Assuming Bernie runs, his team is preparing to rework his ground game among POC voting blocs, a major weakness of his 2016 candidacy
Three years ago, Mrs. Clinton beat Mr. Sanders in South Carolina with 74% of the vote to Mr. Sanders’s 26%. Nonwhite voters outnumbered whites nearly 2:1 in the state’s primary.
“We didn’t have the time and the ability to fight in the South,” Ben Tulchin, who served as the Sanders campaign pollster in 2016, said in a recent interview. “We didn’t have time to tell his story.”
Mr. Sanders returned to South Carolina on Monday, headlining a rally here in South Carolina’s capital city for the Martin Luther King Jr. holiday. He shared the 2020 spotlight: Sen. Cory Booker (D., N.J.), one of several minority prospective candidates considering running for president, spoke at the same event. The pair sat next to each other earlier Monday morning at a church service honoring Dr. King.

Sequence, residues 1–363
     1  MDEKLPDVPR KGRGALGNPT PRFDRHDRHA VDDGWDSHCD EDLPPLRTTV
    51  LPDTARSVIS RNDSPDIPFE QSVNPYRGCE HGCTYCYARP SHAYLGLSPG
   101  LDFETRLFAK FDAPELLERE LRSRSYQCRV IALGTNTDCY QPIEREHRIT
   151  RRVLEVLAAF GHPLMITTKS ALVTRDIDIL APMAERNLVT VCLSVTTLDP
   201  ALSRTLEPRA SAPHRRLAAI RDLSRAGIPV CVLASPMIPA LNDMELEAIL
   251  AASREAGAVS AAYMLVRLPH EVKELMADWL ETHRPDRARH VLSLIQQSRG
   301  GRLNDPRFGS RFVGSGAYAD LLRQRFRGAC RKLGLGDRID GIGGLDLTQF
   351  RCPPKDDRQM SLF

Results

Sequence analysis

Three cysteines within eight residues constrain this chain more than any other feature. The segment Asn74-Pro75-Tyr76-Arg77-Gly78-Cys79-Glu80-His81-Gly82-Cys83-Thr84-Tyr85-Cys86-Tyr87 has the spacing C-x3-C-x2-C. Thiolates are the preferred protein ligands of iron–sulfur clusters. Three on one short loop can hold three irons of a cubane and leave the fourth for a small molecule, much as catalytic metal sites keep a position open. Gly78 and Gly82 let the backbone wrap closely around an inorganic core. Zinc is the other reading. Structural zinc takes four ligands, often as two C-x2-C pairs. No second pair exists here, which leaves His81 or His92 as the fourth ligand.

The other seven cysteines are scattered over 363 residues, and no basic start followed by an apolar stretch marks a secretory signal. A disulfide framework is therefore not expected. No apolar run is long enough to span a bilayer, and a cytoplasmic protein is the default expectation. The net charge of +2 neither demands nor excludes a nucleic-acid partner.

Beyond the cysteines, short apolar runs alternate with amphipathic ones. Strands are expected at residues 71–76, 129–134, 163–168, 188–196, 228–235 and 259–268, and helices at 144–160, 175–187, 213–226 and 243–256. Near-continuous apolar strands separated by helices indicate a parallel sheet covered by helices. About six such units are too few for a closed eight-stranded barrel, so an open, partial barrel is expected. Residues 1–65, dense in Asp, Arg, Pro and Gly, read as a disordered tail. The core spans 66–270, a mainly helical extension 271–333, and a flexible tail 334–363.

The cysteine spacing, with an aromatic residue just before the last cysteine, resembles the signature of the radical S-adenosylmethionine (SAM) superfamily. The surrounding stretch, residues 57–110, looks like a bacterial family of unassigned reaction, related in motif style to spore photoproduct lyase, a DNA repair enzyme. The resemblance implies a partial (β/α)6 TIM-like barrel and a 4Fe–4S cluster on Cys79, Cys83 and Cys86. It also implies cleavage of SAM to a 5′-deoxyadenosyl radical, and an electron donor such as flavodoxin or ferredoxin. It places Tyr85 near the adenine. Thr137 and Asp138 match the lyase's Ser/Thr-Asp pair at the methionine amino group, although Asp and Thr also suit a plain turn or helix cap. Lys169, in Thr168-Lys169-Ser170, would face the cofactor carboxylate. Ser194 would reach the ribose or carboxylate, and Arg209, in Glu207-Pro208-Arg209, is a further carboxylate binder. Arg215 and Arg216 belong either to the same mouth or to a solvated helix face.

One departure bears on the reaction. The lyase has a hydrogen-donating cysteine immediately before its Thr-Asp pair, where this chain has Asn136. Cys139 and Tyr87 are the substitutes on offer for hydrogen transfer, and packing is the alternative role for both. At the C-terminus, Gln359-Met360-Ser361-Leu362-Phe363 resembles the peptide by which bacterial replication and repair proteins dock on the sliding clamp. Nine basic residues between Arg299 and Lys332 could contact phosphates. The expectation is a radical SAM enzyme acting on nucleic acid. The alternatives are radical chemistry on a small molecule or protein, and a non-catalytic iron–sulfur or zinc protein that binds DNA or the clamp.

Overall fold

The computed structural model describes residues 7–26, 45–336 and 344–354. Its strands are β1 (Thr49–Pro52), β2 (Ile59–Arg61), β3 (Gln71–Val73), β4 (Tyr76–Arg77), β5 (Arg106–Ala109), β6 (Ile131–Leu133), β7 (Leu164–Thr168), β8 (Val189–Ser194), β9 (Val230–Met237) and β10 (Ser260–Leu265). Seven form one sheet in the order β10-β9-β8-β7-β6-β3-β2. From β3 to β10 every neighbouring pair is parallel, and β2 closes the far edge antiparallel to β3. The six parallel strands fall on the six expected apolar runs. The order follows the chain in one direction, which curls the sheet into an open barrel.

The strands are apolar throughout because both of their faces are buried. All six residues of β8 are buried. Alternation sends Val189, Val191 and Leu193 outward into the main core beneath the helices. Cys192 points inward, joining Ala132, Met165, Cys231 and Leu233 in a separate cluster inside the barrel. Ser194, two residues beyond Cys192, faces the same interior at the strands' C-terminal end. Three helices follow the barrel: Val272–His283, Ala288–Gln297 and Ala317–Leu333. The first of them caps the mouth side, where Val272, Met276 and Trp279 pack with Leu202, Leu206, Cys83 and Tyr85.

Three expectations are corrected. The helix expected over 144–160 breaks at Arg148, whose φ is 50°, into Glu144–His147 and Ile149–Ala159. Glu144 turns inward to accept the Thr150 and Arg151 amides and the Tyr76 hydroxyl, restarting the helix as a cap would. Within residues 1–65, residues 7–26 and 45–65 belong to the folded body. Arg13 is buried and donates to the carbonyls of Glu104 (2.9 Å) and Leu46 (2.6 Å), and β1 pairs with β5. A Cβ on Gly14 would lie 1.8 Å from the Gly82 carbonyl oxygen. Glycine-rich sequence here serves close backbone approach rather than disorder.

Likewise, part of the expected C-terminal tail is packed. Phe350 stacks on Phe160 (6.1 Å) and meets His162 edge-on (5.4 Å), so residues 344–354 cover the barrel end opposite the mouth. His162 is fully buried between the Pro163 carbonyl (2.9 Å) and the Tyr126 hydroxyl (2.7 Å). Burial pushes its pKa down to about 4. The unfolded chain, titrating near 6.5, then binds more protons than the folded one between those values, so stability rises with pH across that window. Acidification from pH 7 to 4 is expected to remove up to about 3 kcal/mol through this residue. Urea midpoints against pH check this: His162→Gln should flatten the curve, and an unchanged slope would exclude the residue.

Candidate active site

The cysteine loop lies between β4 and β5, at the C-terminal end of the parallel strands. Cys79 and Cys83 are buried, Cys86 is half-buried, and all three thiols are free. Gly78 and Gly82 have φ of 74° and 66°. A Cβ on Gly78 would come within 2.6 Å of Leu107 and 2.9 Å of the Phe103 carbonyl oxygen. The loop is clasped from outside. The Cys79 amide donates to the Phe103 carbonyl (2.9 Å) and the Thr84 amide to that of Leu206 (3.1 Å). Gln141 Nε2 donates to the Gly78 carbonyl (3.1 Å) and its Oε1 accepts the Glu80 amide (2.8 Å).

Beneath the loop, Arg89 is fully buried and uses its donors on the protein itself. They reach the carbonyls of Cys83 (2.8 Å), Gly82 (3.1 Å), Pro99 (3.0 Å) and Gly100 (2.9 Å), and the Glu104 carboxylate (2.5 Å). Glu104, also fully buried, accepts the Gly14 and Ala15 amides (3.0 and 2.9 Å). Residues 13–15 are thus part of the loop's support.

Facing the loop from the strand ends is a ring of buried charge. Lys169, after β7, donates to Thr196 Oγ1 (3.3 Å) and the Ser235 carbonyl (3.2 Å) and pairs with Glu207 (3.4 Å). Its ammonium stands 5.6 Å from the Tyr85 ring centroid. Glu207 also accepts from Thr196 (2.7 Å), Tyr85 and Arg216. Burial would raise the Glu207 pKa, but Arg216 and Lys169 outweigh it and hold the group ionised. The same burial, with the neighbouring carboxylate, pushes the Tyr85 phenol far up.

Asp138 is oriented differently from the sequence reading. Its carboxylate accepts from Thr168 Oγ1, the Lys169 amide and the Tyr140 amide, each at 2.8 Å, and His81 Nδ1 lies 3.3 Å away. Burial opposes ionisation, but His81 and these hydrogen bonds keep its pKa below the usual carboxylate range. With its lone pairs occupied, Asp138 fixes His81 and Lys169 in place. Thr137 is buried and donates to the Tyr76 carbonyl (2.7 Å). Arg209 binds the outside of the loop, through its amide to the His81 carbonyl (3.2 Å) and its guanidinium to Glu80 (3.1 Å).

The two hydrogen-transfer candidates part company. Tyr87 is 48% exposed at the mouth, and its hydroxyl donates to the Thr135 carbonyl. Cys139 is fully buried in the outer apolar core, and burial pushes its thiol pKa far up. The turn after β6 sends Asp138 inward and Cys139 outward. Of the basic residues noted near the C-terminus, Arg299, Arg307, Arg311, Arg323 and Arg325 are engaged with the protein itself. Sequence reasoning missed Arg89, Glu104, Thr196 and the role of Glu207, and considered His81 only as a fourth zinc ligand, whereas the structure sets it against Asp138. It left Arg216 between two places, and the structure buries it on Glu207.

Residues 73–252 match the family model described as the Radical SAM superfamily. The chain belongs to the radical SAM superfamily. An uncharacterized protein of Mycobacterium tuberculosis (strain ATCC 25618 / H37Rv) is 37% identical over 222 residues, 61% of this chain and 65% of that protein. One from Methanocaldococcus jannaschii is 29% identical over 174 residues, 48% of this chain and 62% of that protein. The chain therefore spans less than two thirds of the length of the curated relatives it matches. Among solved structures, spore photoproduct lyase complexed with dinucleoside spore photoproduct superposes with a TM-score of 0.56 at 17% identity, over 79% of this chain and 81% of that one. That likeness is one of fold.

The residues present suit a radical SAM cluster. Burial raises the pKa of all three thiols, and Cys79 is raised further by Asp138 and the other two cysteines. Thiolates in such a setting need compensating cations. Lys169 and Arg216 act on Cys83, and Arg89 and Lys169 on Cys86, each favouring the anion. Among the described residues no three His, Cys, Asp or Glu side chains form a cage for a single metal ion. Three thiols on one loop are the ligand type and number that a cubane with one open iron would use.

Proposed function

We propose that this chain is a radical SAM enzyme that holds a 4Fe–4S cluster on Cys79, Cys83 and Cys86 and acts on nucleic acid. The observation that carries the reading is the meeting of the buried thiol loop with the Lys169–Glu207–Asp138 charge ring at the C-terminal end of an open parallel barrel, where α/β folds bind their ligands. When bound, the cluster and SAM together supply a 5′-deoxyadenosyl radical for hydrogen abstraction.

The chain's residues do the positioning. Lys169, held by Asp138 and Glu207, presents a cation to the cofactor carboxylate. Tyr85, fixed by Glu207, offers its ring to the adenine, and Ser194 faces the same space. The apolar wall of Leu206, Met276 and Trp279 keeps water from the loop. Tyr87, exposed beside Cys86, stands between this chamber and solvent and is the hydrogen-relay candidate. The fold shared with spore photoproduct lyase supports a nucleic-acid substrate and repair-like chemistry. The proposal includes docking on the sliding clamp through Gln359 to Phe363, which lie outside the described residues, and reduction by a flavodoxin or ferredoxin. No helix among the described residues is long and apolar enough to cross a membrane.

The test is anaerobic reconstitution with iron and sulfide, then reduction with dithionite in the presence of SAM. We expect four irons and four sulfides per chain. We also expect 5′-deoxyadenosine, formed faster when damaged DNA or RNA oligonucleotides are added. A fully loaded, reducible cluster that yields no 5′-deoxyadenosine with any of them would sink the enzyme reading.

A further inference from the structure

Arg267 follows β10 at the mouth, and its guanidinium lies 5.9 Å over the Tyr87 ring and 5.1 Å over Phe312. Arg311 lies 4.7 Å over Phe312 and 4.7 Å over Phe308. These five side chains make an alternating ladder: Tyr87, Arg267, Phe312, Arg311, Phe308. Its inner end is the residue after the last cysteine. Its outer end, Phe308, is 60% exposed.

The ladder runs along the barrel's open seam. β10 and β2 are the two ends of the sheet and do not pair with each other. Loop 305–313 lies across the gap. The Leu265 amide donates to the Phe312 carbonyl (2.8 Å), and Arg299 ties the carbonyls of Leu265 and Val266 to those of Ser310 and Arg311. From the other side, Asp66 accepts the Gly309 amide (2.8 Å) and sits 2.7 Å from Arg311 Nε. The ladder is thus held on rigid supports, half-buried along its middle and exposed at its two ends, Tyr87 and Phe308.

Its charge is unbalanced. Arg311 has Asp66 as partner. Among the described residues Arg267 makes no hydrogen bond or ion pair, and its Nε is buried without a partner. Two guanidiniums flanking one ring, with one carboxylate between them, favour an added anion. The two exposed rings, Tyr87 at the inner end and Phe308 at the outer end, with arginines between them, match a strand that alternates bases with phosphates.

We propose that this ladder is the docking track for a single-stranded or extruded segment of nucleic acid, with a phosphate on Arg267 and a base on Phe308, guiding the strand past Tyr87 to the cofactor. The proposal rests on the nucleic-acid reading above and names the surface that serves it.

Messrs. Sanders and Booker, in back-to-back speeches, sought to connect with a crowd largely composed of African-Americans, who hold sizable influence in the Democratic primary process.
Mr. Sanders returned to hallmarks of his 2016 campaign, calling for a $15 minimum wage nationally and a Medicare-for-all health care system. But he also spoke out against gentrification, black high-school dropout rates and infant mortality rates, casting those issues as a result of wealth inequality, which still is his core message. Mr. Sanders also took more aggressive swipes at President Trump than did Mr. Booker; the Vermont senator called the president “a racist.”